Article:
Don’t get Bernt

The enthusiasm generated by the US presidential campaign of self-proclaimed socialist Bernie Sanders indicates that there are many people, particularly young people, who live “in the heart of the beast” and reject its beastliness. Among other desirable objectives, Sanders supports universal public health insurance, enhanced rights for unionists and a big rise in the minimum wage.

Through a series of modest reforms, he wants to make the United States more tolerable for those who live there and, he thinks, more economically viable. His socialism is not anti-capitalist. His notion of revolution does not involve smashing the capitalist state.

Sanders is not opposed to the beastliness of US foreign policy. He is an unashamed imperialist.

Like Jesse Jackson before him, he is also a shill for the Democrats, and not a naive one. That’s what Daniel Lopez’s comments in Red Flag issue 66 miss.

The Democratic Party is a vehicle for the US ruling class. It has had more working class and minority supporters than the Republican Party. But the gains and losses workers and minorities have made and suffered have depended on the level of struggle from below, not on the party affiliations of presidents, governors and congressional majorities.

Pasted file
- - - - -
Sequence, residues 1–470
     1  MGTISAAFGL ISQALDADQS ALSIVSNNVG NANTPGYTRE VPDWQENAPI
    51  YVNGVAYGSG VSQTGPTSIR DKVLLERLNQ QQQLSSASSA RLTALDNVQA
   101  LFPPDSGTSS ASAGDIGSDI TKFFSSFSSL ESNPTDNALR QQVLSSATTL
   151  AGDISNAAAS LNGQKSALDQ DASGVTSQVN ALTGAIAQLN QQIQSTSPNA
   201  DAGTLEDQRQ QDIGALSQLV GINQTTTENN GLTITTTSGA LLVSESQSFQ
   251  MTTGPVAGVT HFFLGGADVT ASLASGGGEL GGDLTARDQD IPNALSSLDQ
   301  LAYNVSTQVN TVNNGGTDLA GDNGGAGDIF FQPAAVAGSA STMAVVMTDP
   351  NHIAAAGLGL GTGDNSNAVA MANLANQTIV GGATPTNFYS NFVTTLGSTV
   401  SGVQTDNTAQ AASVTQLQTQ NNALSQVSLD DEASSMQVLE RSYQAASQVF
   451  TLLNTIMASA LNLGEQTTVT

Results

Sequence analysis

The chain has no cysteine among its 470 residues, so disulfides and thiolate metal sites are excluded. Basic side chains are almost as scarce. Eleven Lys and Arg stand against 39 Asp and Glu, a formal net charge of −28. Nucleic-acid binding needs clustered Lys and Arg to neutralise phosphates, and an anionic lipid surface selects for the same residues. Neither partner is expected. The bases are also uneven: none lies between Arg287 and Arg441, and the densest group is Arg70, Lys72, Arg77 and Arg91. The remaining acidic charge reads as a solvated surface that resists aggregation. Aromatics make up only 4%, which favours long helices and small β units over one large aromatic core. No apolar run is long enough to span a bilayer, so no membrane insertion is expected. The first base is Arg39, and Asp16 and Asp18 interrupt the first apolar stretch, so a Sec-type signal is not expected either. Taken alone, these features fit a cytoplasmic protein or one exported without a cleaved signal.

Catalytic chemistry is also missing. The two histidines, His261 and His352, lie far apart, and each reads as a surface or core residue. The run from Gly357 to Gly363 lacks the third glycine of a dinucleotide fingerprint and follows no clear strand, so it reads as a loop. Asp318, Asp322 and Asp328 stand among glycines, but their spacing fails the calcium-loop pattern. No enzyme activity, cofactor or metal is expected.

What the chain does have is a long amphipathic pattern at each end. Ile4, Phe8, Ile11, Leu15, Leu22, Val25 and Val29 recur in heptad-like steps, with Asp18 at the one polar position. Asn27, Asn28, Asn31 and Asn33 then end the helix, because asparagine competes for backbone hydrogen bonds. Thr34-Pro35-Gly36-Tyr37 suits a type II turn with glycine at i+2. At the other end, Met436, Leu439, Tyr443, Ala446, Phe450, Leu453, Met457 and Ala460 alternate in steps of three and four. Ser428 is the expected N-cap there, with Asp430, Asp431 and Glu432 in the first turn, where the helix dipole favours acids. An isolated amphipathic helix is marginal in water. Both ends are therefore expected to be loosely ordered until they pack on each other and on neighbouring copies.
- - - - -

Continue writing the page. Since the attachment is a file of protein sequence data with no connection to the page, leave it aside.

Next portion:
The exploited and oppressed need a party of their own.

The Sanders campaign, as he has repeatedly insisted, will become a tributary of Hillary Clinton’s bid for the presidency when he loses the contest for the Democratic nomination. Trying to “relate to” ordinary Sanders supporters through feverish activity on the periphery of his campaign is no route to an organisation committed to ending capitalism.

Registering people as Democrats and proclaiming the merits of voting for him just boost the credibility of his tactics within the rigged political system.

“Working alongside Sanders supporters” in that way increases the chances that they will either be demoralised or even more thoroughly coopted into the Democratic machine once Bernie is defeated and then urges them to continue the fight against the evil Republicans by mobilising for Hillary.

The minuscule forces of the US left are keen to win over people enthused by Sanders’ policies to anti-capitalist politics. They are more likely to be successful by doing two closely related things.

One is providing clear explanations, as concretely as possible, of how capitalism, including political institutions such as the Democratic Party, operates and how the system can be changed.

The Democratic Party has long been “the graveyard of social movements”. The other task of revolutionaries is to try to channel some of the energy Sanders has generated into struggles, such as those against racism or for improved wages, conditions and union rights, that build confidence in the ability of ordinary people to change the world rather than into the sewer of conventional electoral politics and faith in politicians to make things nicer for us.